Thursday September 13, 2012 was the fifth anniversary of the adoption of the UN Declaration on the Rights of Indigenous Peoples.
Without doubt this international instrument has already been established universally as a human rights benchmark to confirm the indigenous peoples of the world are equal to all other peoples.
This achievement, within the first five years of its life, is verification that the rights of our peoples, encompassing social organisation, cultures, territories and development, are progressively being acknowledged.
Our collective rights as peoples are being expressed, interpreted, integrated and experienced by the many distinct indigenous populations, populations which historically have been ruthlessly dominated and exploited by powerful, gregarious societies.
Indigenous peoples everywhere are citing the Declaration and its components as they vie for equality and non-discrimination in their own territories.
Slowly but surely, member States of the United Nations are revising their relationships with indigenous peoples to respect these human rights.
We can see evidence that basic human rights as articulated in the Universal Declaration of Human Rights are being given extra attention where indigenous peoples are involved.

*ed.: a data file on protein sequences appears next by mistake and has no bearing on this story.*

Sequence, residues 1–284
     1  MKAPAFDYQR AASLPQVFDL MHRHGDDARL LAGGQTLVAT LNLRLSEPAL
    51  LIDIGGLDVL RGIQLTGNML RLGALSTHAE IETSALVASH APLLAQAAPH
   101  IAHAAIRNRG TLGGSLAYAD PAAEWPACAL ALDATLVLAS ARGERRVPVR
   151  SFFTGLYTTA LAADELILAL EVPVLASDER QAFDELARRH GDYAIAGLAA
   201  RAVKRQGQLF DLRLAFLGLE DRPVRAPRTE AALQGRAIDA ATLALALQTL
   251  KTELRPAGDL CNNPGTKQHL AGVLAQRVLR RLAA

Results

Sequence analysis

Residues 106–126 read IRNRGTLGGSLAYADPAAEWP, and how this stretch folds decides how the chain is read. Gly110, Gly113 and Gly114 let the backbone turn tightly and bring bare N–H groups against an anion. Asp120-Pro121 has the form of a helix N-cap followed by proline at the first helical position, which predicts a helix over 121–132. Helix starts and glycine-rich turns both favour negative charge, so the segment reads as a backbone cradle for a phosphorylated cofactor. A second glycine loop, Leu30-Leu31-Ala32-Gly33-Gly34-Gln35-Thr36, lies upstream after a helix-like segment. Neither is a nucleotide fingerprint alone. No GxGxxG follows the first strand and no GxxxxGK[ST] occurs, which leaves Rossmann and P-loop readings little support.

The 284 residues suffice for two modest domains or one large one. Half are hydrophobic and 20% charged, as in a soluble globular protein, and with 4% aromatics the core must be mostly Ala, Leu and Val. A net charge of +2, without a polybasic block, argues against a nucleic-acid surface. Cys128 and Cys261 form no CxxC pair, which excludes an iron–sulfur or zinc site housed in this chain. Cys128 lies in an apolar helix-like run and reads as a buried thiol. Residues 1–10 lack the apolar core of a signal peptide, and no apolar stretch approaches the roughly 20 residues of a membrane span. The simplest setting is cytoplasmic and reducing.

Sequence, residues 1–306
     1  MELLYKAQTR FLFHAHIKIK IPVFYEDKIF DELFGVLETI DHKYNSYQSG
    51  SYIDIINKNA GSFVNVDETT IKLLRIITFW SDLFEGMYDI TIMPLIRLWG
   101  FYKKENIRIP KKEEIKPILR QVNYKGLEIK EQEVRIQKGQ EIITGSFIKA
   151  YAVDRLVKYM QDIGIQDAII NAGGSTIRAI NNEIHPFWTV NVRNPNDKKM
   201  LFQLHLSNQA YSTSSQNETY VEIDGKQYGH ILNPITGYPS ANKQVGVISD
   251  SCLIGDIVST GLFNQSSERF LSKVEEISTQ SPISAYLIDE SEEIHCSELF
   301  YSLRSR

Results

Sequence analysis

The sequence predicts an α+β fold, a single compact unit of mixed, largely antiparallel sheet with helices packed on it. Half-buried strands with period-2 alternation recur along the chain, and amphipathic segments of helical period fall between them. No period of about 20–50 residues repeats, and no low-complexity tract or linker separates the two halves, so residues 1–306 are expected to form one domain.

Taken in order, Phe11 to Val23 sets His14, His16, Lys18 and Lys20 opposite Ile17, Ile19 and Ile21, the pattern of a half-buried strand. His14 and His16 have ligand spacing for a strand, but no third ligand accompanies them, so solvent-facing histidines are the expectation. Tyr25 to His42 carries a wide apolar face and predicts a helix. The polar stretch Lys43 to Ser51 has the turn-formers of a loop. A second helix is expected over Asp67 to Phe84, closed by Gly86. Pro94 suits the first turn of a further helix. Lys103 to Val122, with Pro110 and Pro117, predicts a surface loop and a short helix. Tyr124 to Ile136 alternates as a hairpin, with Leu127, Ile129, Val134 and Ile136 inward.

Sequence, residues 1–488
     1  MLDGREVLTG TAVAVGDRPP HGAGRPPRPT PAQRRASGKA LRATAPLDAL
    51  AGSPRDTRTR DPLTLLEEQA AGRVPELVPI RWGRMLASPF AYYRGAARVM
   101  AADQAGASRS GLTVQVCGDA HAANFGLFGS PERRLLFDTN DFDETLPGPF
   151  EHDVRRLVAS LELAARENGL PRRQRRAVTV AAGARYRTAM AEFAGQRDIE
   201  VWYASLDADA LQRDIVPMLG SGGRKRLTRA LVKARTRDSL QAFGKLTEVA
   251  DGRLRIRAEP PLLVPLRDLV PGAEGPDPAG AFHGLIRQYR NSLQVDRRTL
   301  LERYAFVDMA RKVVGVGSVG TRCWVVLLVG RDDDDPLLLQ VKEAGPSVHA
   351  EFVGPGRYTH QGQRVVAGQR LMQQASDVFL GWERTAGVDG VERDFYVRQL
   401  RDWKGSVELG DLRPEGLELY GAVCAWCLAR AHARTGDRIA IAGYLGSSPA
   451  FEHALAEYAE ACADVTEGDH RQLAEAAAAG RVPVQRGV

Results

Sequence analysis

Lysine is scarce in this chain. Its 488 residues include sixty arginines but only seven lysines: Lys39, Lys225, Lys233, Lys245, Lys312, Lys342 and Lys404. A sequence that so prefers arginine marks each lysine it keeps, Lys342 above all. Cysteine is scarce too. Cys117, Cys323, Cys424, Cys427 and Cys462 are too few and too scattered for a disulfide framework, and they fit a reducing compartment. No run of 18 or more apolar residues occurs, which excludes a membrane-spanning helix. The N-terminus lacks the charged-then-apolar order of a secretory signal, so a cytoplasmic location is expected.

More importantly the collective rights of indigenous peoples, rights which are so vital to the survival and success of civilizations, can no longer be denied or opppressed through legitimisation by the authority of States.
Indigenous peoples have much to expect from the United Nations to ensure the equality of peoples is respected at the global level.
The establishment of mechanisms, including the UN Special Rapporteur on the Rights of Indigenous Peoples, the UN Expert Mechanism on the Rights of Indigenous Peoples and the UN Permanent Forum on Indigenous Issues are concrete steps already taken to guarantee change.
These are very specific and important actions taken by the United Nations to ensure that the rights of Indigenous Peoples are a priority concern towards not only global peace, security and development, but also the wellbeing of the cultural and ecological environs.
States should be taking consequent steps, if they have not already done so, to broaden the momentum for change.
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